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March 21, 2011 | by  | in Arts Film |
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The crafting of a successful family film is a delicate balance between entertaining the kids and providing enough material to keep their parents in the loop. Gore Verbinski’s Rango provides the latter in spades, but at times it feels as though the excess of film references might alienate the very audience towards whom it has been marketed.

Rango follows a pet chameleon (voiced by Johnny Depp) whose captivity has had a detrimental effect on his mental wellbeing. Suddenly having freedom thrust upon him, he finds himself in the desert town of Dirt. Anthropomorphic animal residents aside, Dirt is straight out of a Ford or Leone film. It’s fitting, then, that all is not well in Dirt and it’s up to our reptilian hero to rise to the occasion and save the day.
Firstly, Rango looks great. Animated but filmed using motion capture technology to imitate the actions of its actors, it wisely does not attempt to be overly realistic, so the characters avoid looking like the creepy ‘uncanny valley’ figures in other mo-cap films like The Polar Express and the upcoming Mars Needs Moms. This doesn’t mean the aesthetics completely enter the realm of the fantastic and textures like scales, fur and feathers are rendered beautifully and accurately; they simply cover creatures that are very much cartoon characters, not anatomically correct fauna.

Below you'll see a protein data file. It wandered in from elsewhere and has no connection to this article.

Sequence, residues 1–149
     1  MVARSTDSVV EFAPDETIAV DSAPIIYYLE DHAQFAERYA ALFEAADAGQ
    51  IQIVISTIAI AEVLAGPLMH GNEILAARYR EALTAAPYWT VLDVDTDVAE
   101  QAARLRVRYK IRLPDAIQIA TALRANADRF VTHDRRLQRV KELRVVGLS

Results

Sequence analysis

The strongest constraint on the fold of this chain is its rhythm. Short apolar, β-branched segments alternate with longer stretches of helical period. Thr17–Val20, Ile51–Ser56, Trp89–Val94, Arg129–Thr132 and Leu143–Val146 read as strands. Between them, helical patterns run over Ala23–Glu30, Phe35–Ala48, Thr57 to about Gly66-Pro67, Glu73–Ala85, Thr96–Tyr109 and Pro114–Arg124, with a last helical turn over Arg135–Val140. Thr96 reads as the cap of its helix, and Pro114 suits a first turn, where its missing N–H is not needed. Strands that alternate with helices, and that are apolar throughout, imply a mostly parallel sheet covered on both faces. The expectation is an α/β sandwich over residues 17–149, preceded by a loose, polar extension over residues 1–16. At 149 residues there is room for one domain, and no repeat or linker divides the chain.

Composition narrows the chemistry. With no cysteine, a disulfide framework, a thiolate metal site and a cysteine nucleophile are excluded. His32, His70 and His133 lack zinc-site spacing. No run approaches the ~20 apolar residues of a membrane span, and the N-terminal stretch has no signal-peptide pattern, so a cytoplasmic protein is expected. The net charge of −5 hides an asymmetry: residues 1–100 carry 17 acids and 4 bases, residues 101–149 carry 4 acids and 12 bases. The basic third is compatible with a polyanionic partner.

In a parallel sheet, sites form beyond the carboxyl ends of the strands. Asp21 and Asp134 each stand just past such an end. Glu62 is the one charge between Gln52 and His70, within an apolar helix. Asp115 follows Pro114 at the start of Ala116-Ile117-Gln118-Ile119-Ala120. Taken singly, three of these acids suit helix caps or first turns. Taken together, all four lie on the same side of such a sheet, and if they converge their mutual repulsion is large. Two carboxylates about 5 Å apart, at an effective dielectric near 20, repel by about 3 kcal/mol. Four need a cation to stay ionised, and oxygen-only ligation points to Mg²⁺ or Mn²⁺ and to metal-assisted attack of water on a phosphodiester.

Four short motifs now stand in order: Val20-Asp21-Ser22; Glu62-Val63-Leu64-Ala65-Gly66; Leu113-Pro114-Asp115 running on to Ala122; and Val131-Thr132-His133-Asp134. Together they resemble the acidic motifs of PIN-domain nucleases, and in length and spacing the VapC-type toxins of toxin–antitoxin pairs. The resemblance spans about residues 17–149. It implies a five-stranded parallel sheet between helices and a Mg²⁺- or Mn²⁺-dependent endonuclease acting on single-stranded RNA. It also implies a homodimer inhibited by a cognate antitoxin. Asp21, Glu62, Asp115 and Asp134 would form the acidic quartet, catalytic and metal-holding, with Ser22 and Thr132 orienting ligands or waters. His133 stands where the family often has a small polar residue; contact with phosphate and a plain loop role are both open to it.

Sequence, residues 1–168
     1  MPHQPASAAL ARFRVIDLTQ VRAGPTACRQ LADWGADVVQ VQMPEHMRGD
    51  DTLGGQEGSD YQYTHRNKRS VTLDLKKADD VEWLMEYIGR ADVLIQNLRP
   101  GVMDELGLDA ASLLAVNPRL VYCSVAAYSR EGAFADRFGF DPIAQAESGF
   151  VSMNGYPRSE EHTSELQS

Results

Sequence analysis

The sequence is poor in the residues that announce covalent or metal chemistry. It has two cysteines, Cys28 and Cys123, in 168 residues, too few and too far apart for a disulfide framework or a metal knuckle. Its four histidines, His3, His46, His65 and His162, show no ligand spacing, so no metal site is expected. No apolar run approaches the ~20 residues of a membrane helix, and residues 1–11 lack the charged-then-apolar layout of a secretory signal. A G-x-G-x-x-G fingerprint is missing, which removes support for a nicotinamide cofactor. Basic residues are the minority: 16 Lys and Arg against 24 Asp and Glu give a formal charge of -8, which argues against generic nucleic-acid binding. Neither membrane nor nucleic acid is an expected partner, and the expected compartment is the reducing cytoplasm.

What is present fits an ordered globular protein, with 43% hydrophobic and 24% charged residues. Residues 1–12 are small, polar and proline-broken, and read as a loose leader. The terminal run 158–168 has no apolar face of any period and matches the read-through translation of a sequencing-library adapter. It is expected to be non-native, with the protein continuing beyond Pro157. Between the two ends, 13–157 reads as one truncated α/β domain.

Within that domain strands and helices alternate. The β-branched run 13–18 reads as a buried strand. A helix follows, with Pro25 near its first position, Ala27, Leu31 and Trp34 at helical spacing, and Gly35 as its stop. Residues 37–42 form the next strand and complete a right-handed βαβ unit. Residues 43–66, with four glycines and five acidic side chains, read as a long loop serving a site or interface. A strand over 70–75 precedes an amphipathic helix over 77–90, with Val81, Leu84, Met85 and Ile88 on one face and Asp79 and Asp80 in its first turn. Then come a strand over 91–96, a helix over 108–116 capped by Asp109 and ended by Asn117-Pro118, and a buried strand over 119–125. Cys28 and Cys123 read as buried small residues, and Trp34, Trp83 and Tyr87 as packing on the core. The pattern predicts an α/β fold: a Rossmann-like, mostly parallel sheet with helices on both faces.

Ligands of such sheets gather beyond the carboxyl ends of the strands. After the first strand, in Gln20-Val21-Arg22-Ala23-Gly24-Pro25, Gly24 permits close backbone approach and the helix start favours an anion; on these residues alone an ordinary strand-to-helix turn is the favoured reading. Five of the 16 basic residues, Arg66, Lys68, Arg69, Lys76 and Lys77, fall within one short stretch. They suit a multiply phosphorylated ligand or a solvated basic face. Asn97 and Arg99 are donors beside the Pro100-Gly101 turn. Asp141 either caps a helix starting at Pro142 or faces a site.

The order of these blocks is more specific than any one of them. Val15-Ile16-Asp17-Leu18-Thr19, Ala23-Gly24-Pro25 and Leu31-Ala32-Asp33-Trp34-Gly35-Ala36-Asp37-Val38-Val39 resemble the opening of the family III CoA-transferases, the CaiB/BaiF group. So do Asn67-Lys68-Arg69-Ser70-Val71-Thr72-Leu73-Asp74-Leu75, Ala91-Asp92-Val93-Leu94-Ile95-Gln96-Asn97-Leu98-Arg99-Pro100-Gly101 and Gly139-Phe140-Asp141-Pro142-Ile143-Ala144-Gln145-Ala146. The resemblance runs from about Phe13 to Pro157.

As my summary suggests, Rango owes a lot to the Western genre in which it operates. However, the film references do not simply end with nods to High Noon and Once Upon a Time in the West. At various moments I caught allusions to (among others) Chinatown, Lord of the Rings and even Fear and Loathing in Las Vegas. These are great if you’re a film lover like me, but at times, these references dominate all else and the film suffers as a result. Thankfully, there is enough humour, brilliant set pieces and eccentric characters to win back any audience members who may not be familiar with The Man with No Name.

To tell the truth, Rango probably overdoes the film allusions. But by gum, it is fun.

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  1. Taimi says:

    I am foerevr indebted to you for this information.

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